Sunday, October 5, 2008

I would rather be a ghost drifting by your side as a condemned soul than enter heaven without you...

    No 497 - Crouching Tiger, Hidden Dragon
    Director - Ang Lee

    This film slightly splits me in 2. I think the wushu style is beautiful and elegant but I think it slightly 'cheats' and therefore the martial arts elements are slightly cheapened. The idea of wushu (brought to us by our good friends at Wikipedia) is that movements are exaggerated and enhanced with extra jumps and more theatrical movements. This creates a style which is more about aesthetic and theatrical beauty than producing an actual practical fighting style. I think this also can be used to describe Ang Lee's 'Martial Art-House' classic.

    There is no denying that Crouching Tiger is a beautiful film. The framing is stunning, with gorgeous vistas of forests, mountain and desert. The fight scenes are an aerial ballet which are stunning to behold - even though they may not be as easy to accept as real due to so many fantastical elements in this style which sometimes make it impossible not to think of the wire work involved.
    The problem is, that this film is so aesthetically oriented. This is something that I believe will be a re-occurring problem within this list (I'm saving the brunt of my argument for Sin City) however it seems the story was secondary to the set pieces and visual dynamic of the film.

    My housemate Toby thinks that the problem is cultural. The plot for CTHD is very simplistic and probably based around elements from ancient Chinese tales and folklore. It means that not much time has to be spent on plot development as the idea of heroes and legendary weapons and fighting styles are already a well known part of that culture's history. For a western audience it becomes slightly harder to follow the film when facing so many new ideas to integrate within the story. Luckily the story is relatively simplistic (the crux being a sword gets stolen several times and two warriors are after it) which helps.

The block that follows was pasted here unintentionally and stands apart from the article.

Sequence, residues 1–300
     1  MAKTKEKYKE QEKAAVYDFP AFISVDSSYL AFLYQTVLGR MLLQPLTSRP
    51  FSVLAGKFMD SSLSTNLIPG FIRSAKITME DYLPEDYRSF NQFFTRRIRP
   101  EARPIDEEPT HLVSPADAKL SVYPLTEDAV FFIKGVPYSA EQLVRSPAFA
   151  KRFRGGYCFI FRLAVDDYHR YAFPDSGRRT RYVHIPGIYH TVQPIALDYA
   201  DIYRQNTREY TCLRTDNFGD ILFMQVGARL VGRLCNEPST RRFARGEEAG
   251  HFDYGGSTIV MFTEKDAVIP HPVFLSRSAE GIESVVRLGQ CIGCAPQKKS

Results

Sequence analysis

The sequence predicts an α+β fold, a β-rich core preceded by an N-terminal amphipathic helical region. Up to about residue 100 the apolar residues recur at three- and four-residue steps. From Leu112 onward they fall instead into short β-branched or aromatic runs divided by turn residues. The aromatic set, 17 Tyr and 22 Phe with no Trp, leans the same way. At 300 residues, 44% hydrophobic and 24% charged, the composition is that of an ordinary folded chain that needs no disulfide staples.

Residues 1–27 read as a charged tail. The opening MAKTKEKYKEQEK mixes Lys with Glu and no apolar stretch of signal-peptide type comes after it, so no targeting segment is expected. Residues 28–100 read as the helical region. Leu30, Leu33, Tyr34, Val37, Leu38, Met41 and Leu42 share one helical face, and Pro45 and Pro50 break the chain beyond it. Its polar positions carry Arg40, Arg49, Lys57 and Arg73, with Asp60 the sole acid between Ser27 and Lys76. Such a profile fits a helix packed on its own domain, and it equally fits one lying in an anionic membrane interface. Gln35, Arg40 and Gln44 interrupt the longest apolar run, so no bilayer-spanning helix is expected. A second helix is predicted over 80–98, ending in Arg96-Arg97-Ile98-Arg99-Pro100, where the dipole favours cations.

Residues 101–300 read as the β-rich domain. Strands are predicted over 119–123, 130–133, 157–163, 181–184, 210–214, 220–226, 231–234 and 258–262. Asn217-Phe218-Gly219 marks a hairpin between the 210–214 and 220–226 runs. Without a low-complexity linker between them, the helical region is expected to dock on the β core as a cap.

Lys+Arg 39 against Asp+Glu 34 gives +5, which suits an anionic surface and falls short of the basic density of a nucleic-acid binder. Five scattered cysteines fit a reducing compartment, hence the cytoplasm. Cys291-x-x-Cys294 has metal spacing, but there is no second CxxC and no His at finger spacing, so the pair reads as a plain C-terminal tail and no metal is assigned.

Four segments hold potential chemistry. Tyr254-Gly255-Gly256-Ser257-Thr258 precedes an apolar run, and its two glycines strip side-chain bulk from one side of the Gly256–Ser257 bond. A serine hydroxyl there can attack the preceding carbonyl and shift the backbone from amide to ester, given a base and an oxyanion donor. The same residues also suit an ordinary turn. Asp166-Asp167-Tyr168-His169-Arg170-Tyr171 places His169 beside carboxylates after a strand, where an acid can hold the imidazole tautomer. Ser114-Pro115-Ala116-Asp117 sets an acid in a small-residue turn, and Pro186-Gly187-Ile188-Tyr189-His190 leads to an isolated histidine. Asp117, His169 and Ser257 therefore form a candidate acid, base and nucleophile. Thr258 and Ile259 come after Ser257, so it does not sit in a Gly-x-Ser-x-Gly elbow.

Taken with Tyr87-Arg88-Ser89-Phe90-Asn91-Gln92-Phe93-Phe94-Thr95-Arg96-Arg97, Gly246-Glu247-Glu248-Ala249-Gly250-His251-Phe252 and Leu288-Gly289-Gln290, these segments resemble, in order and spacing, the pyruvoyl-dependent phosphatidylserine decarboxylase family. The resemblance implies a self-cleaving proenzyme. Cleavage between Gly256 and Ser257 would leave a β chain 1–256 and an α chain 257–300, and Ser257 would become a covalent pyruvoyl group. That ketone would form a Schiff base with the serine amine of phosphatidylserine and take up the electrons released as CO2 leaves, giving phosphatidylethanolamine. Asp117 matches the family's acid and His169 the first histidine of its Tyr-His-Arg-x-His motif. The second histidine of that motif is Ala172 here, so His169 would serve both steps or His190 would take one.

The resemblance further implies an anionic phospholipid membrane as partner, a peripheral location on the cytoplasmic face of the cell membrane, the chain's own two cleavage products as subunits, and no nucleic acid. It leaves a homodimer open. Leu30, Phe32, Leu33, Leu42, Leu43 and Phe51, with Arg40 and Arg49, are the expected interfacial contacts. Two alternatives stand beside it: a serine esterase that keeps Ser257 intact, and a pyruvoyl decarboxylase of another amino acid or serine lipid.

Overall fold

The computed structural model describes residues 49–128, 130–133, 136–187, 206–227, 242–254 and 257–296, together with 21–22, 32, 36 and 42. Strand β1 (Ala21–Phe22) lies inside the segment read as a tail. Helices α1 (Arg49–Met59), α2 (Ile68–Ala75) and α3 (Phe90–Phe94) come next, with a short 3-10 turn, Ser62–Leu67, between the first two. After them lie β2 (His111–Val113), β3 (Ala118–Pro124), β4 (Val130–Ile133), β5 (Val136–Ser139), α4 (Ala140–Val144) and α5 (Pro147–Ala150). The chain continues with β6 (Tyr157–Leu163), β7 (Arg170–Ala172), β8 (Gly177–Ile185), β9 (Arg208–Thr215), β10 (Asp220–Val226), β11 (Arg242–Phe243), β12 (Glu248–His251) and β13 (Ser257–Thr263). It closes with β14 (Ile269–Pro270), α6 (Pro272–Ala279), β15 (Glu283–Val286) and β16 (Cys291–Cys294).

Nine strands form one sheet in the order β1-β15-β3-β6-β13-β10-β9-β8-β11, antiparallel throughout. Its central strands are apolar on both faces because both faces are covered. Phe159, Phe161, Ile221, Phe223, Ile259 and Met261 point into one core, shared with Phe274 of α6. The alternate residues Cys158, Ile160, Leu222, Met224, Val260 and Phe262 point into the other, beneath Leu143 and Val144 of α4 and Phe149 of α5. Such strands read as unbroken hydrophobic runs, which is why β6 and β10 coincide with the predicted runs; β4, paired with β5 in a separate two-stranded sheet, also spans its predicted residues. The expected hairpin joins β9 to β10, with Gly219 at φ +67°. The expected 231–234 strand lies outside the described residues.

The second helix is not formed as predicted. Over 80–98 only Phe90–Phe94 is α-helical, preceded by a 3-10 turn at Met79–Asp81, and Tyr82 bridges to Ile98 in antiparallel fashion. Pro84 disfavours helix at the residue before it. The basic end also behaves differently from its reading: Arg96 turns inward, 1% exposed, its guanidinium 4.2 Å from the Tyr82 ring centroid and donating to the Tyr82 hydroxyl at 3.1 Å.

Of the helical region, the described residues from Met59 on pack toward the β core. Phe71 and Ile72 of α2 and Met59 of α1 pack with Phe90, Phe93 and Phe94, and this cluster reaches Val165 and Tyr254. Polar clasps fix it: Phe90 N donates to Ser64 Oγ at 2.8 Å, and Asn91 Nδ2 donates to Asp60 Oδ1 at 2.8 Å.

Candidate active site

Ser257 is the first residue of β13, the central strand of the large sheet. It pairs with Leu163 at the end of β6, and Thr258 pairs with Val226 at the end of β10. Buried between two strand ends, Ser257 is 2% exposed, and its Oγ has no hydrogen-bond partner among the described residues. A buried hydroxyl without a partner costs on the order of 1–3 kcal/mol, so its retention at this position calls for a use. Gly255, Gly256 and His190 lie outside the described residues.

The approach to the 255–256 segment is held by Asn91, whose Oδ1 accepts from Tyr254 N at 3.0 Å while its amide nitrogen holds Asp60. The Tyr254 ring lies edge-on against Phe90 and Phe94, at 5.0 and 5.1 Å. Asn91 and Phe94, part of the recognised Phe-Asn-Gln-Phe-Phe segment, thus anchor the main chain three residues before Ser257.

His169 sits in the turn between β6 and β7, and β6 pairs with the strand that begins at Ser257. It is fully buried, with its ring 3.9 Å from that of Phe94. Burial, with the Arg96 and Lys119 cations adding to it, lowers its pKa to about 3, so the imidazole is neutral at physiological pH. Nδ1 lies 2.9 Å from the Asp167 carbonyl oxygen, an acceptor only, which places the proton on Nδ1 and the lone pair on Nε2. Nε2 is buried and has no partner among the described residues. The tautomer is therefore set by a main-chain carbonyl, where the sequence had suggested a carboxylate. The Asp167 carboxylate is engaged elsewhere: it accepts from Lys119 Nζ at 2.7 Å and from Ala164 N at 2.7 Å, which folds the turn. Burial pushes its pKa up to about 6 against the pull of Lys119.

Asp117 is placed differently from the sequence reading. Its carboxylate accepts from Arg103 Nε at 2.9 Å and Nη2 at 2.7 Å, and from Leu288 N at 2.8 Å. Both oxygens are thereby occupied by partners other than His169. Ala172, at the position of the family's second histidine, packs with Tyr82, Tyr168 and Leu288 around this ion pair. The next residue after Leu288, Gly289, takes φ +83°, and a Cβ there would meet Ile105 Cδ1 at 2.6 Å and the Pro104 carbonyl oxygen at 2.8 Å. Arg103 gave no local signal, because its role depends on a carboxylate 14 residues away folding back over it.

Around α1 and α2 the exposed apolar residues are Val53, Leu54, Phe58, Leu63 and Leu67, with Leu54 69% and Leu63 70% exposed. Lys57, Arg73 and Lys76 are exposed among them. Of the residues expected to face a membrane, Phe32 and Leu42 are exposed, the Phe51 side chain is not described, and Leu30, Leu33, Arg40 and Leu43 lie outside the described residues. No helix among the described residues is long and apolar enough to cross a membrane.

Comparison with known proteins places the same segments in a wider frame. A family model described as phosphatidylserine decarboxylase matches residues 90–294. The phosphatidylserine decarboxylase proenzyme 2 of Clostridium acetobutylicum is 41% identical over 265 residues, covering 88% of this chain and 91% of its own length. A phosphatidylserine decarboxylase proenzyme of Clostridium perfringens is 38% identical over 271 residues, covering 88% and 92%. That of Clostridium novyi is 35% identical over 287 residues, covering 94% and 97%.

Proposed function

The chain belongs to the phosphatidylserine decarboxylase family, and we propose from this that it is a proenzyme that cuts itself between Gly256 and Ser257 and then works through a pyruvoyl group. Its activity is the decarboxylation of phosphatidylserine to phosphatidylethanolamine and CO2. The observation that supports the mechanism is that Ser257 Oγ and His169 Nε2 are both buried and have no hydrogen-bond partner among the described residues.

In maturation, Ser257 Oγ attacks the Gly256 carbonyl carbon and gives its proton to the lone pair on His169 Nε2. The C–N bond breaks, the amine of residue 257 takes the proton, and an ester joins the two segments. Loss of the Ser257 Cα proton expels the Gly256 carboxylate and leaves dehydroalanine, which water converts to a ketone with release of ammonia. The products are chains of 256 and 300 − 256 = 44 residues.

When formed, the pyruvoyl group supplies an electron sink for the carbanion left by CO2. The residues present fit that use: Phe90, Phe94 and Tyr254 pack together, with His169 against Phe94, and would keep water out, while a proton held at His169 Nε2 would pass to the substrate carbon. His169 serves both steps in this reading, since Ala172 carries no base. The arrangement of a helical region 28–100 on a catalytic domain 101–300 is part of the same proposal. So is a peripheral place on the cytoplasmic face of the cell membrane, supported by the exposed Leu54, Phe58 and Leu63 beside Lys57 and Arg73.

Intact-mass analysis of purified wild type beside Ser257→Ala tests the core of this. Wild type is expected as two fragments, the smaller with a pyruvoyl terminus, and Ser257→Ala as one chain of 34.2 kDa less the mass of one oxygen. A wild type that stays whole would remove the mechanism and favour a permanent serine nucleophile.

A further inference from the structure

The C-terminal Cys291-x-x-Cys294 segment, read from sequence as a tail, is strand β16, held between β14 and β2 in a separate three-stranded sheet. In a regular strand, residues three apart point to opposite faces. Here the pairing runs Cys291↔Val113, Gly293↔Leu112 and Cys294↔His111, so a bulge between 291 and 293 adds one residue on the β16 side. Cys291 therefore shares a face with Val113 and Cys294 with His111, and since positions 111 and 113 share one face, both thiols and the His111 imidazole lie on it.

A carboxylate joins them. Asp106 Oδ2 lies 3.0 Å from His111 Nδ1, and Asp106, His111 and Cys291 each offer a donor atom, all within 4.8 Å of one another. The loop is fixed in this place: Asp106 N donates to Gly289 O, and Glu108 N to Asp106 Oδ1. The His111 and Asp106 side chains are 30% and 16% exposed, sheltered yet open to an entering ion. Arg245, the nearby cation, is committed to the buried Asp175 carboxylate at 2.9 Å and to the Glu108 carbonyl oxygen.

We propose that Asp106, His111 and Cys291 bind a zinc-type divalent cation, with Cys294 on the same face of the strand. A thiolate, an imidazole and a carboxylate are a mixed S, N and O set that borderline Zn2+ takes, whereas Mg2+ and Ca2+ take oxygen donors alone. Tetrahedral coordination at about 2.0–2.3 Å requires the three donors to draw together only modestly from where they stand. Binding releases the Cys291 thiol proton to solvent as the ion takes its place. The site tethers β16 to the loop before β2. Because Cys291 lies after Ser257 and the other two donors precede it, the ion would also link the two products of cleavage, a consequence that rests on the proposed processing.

It is almost as if the central plot is the least important aspect of the film. Using it as a catalyst to explore the subplots - namely the relationships between the 2 pairings. This is a love story framed around a loose story of honour and vengeance with some truly magical set pieces. And the set pieces are truly breathtaking at times:
    When it was released, everyone spoke about the impressive bamboo fight scene. Whilst it is certainly impressive the 'floating on air' aspect of the film is too obviously wire work to convince me and I therefore feel very much alienated from the scene. My ability to suspend disbelief is ruined by those little floaty moments. However... the fight between Michelle Yeoh and Zhang Ziyi in the training hall is amazing. The elegant way the characters bounce off Walls and float up to the ceiling during the fight as well as the skilled way that Michelle Yeoh's character changes weapon so many times are the perfect examples of how the fantastical wushu fight scenes should be (in my head).

    In fact - when it comes to amazing elegance and fighting there is only one person I can mention. Chow Yun Fat. His character (Master Li Mu Bai) is absolutely perfect. He is a true zen fighter. Part monk, part warrior - As comfortable meditating in a temple as he is on the battle field. his style is graceful and efficient. Almost lazy in his simplicity. No matter how frantic his opponent gets, Li Mu Bai's attack style is a gentle flowing flick of his weapon arm. The his rest of body staying still - yet relaxed. He is never vexxed and can fight off anything. From ill tempered swords men to a barrage of poisoned darts. He stays philosophical to the very last believing in the importance of patience and meditation and wanting to stow his sword away so he can live out the rest of his life in peace. Sadly he just isn't given the chance to stop and he is forced into combat situations. Luckily he is an amazing fighter and reluctantly triumphs through each battle.
    He is easily the best character in this film.

    And finally - let me end on a shallow note. It is nice for a film to be visually opulent and aesthetically unique. It is much nicer when they also throw in some eye candy. And Zhang Ziyi is very very pretty.

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I would rather be a ghost drifting by your side as a condemned soul than enter heaven without you...


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